Curtis and her senior noncommissioned officer, 1st Sgt. Greg Bristley, couldn’t agree on whether the current fight in Iraq has come “full circle” from when they both deployed here in 2003, but both say it’s much different.

“They’ve allowed us to come and advise them,” Curtis said of the Iraqis. “We want to get rid of the bad guys. We are all moving toward the same objective.”

Curtis said that while there are also now more opportunities for women, the issue shouldn’t be about a soldier’s sex, but about her skills.

“It’s not about our gender, it’s about our jobs,” she said. “The enemy does not discriminate.”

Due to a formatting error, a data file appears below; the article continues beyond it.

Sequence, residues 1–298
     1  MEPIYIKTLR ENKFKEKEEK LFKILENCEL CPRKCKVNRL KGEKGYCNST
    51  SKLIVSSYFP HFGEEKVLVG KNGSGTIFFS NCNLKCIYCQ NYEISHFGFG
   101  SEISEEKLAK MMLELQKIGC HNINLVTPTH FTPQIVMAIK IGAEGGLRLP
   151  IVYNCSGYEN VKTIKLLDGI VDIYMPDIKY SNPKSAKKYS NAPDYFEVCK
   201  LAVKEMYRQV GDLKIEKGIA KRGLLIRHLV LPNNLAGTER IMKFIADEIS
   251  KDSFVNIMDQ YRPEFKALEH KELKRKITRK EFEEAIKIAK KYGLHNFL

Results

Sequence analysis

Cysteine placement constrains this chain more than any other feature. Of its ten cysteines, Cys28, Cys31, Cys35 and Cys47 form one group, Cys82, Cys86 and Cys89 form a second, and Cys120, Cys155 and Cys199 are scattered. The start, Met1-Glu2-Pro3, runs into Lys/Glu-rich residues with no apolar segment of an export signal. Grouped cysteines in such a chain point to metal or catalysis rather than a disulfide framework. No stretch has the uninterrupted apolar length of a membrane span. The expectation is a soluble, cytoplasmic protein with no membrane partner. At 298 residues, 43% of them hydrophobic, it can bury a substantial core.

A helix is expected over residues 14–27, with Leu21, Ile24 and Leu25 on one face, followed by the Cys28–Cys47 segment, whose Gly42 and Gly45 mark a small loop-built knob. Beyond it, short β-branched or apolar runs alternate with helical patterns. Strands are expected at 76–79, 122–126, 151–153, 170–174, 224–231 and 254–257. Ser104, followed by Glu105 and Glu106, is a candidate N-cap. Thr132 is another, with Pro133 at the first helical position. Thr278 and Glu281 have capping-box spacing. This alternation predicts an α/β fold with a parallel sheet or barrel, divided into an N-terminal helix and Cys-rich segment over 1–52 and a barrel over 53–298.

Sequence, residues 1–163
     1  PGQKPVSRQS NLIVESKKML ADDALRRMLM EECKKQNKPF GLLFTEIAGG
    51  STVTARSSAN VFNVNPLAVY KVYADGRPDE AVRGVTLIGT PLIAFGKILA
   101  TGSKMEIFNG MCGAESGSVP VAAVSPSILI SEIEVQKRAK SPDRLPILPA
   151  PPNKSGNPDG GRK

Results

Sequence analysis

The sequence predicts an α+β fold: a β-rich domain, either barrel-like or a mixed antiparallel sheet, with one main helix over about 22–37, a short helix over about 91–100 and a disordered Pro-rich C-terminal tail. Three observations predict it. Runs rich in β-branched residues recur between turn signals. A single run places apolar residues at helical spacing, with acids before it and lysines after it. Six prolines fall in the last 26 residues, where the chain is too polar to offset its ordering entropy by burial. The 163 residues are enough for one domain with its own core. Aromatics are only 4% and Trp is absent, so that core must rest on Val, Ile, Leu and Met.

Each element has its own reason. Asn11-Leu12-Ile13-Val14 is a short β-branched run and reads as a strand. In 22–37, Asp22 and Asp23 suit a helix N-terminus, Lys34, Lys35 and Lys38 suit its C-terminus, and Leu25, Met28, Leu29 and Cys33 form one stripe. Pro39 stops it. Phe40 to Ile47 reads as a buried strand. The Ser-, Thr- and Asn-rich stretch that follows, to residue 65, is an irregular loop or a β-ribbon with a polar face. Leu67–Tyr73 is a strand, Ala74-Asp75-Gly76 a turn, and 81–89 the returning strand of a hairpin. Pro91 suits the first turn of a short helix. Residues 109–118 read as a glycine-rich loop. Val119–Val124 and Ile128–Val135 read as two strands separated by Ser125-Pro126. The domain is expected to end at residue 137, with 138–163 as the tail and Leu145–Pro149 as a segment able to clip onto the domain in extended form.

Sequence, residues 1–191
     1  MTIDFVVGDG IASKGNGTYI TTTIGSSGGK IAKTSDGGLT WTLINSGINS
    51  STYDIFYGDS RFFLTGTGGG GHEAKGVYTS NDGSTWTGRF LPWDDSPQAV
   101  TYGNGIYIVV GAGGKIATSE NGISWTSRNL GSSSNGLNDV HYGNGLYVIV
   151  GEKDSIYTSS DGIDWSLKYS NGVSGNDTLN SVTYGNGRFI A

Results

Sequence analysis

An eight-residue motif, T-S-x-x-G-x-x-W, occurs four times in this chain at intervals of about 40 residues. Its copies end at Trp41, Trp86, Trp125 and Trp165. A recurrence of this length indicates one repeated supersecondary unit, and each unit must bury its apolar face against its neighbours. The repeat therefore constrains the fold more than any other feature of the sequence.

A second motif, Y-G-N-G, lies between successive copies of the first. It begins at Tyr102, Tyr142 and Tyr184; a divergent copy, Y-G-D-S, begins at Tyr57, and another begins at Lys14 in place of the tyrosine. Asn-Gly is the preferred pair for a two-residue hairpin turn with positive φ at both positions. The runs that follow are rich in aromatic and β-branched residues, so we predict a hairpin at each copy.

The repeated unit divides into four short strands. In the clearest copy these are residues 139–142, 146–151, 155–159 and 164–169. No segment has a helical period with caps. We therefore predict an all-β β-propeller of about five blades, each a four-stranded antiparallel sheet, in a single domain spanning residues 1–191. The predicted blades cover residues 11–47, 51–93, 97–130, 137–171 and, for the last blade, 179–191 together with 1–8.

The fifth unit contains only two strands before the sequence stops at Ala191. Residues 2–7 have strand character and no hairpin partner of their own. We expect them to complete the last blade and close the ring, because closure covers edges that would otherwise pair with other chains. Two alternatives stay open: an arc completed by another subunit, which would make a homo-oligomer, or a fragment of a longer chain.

Since 2003, more than 110 women have been killed in operations in Iraq, and almost 650 have been wounded in action as of November, according to the Pentagon. More than 50 have been killed in Afghanistan since 2001 and roughly 400 wounded in action. Still, not everyone is ready to accept women in combat roles.

Earlier this month, a scandal involving active-duty and veteran male Marines sharing nude photographs of their female colleagues and others via social media drew attention to the challenges of integration in units where women are considered inferior or unwelcome.

Marine veteran Marshall Chiles, a spokesman for Marines United, the Facebook group at the center of the scandal, told the Daily Beast such incidents foreshadow “a big problem” with integrating women into front line units, threatening to be a “huge distraction” affecting the combat effectiveness of such elements.

In Iraq, however “women are [deployed] as forward as men,” Curtis said. Female soldiers can be seen working alongside their counterparts at tactical bases within a few miles of Mosul.